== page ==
In 1972, one of the largest test articles installed in an Arnold jet engine test cell during the 1970s was placed in the J-1 test cell to support the F-15 flight test program. This article was comprised of an F100 engine attached to the J-1 40-ton inlet simulator which simulated the aircraft’s variable air inlet and the ducting that separates the inlet from the engine.

The purpose of these tests was to eliminate engine inlet incompatibility issues before the aircraft was flown. Over the course of several weeks, tunnel conditions of speed, altitude and attitude were varied to match conditions the engine was expected to encounter in flight to ensure the quality of air reaching the face of the engine would not cause it to stall.

By 1973, testing in Arnold turbine engine test facilities had figured in all phases of the F100 development cycle. The F100-PW-100 engine was the initial engine installed in the F-15. More than 23,000 hours of engine tests followed these early efforts on all variant upgrades to the F100 engine.

In April 1985, the F100 was used in the C-1 test cell to support the checkout of the new Aeropropulsion Systems Test Facility to verify the plant could safely conduct testing. During the successful checkout, which occurred around six months after ASTF was dedicated, an F100 engine was run in the test cell for more than an hour at a simulated flight condition of 16,000 feet altitude and Mach 0.8. The engine was operated at power levels from idle to afterburner ignition. This checkout demonstrated the successful integration of the facility equipment required to operate an engine.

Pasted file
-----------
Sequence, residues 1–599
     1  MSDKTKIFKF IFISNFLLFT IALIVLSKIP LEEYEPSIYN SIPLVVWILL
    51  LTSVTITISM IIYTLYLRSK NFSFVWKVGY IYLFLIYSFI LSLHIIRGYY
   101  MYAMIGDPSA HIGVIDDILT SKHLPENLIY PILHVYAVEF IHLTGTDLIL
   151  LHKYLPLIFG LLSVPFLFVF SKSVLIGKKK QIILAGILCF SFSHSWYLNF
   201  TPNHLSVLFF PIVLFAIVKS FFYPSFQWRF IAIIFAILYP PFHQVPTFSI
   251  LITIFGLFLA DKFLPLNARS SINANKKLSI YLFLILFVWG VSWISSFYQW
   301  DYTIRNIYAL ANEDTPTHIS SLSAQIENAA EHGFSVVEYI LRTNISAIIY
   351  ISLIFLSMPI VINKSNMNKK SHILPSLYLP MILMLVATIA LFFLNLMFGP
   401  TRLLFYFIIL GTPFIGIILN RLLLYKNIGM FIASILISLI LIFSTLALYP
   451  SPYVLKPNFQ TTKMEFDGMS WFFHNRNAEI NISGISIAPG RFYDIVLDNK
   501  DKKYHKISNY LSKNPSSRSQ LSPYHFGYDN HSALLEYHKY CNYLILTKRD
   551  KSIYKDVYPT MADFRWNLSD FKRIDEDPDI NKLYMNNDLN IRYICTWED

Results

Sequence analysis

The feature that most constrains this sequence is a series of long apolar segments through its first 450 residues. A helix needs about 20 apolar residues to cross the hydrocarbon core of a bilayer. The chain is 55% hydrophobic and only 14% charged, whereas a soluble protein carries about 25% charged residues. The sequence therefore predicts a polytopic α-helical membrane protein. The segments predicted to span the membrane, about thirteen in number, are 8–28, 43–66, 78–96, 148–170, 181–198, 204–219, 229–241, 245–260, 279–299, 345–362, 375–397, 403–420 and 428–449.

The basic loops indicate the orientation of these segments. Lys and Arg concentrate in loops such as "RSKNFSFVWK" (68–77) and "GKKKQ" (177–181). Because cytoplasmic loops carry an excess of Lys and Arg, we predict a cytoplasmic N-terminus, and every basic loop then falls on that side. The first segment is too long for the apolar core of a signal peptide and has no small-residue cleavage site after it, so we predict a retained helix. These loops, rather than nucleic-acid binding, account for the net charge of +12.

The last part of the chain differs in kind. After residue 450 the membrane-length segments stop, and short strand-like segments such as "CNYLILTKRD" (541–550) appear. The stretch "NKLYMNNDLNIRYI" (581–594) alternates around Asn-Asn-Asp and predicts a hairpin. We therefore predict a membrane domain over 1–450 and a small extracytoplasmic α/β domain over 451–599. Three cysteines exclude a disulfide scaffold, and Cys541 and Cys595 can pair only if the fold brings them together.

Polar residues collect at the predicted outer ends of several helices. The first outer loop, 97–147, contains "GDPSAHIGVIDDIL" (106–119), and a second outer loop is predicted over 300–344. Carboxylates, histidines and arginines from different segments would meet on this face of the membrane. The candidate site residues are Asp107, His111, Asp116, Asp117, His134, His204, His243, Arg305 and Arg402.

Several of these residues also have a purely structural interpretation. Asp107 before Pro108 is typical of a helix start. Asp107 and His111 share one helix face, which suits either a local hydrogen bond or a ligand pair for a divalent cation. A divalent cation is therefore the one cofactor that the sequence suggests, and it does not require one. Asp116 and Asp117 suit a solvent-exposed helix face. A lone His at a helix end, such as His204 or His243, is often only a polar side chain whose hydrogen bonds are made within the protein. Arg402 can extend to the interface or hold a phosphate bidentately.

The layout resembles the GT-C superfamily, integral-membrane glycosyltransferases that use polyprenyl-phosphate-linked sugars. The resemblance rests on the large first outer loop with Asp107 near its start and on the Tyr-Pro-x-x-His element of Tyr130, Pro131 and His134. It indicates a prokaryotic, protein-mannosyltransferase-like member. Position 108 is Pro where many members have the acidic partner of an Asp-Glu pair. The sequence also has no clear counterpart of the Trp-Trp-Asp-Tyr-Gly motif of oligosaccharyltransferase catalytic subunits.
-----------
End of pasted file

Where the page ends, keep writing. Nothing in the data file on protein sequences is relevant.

The F100 was chosen for this checkout due to the volume of test data available on it and it was a representative engine used by the Air Force operational fighter fleet, which includes the F-15.

The following year, new reversing and vectoring engines were tested for the first time by the Air Force in ASTF. An F100 was fitted with the thrust-vectoring and –reversing exhaust nozzle. The nozzle was designed to deflect exhaust and reverse thrust both in flight and on the ground thereby significantly increasing maneuverability while reducing landing distances under both normal and icy conditions. The tests were performed to confirm these concepts were feasible.

In 1988, the Pratt & Whitney F100-PW-229 Increased Performance Engine, an evolution of the standard F100 engine, completed Initial Flight Release Testing at Arnold. More than 170 hours of simulated altitude testing were conducted over a nine-week period to clear the engine for flight testing in an F-15. Some of these tests lasted up to 22 hours, during which more than 900 engine parameters were recorded. The F100-PW-229 was subjected to simulated altitudes of up to 50,000 feet and speeds exceeding Mach 2.

By 1992, 5,000 total accumulated cycles, or TACs, which are units of measurement for major rotating components tracked during an engine’s operational life, were completed on the engine to substantiate the latest modification to its fourth stage turbine blades.